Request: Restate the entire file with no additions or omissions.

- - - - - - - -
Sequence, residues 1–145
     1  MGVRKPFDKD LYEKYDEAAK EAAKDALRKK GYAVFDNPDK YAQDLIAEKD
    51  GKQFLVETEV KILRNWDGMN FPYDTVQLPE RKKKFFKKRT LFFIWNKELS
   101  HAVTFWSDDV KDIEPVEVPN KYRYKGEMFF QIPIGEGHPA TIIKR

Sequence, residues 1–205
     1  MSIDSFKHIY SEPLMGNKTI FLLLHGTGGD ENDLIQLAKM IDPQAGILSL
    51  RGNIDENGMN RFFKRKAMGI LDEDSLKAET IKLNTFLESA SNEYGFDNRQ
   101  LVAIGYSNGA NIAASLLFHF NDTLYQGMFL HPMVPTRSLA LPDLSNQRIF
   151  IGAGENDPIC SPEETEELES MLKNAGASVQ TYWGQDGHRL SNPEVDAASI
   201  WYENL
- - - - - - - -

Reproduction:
Sequence, residues 1–145
     1  MGVRKPFDKD LYEKYDEAAK EAAKDALRKK GYAVFDNPDK YAQDLIAEKD
    51  GKQFLVETEV KILRNWDGMN FPYDTVQLPE RKKKFFKKRT LFFIWNKELS
   101  HAVTFWSDDV KDIEPVEVPN KYRYKGEMFF QIPIGEGHPA TIIKR

Sequence, residues 1–205
     1  MSIDSFKHIY SEPLMGNKTI FLLLHGTGGD ENDLIQLAKM IDPQAGILSL
    51  RGNIDENGMN RFFKRKAMGI LDEDSLKAET IKLNTFLESA SNEYGFDNRQ
   101  LVAIGYSNGA NIAASLLFHF NDTLYQGMFL HPMVPTRSLA LPDLSNQRIF
   151  IGAGENDPIC SPEETEELES MLKNAGASVQ TYWGQDGHRL SNPEVDAASI
   201  WYENL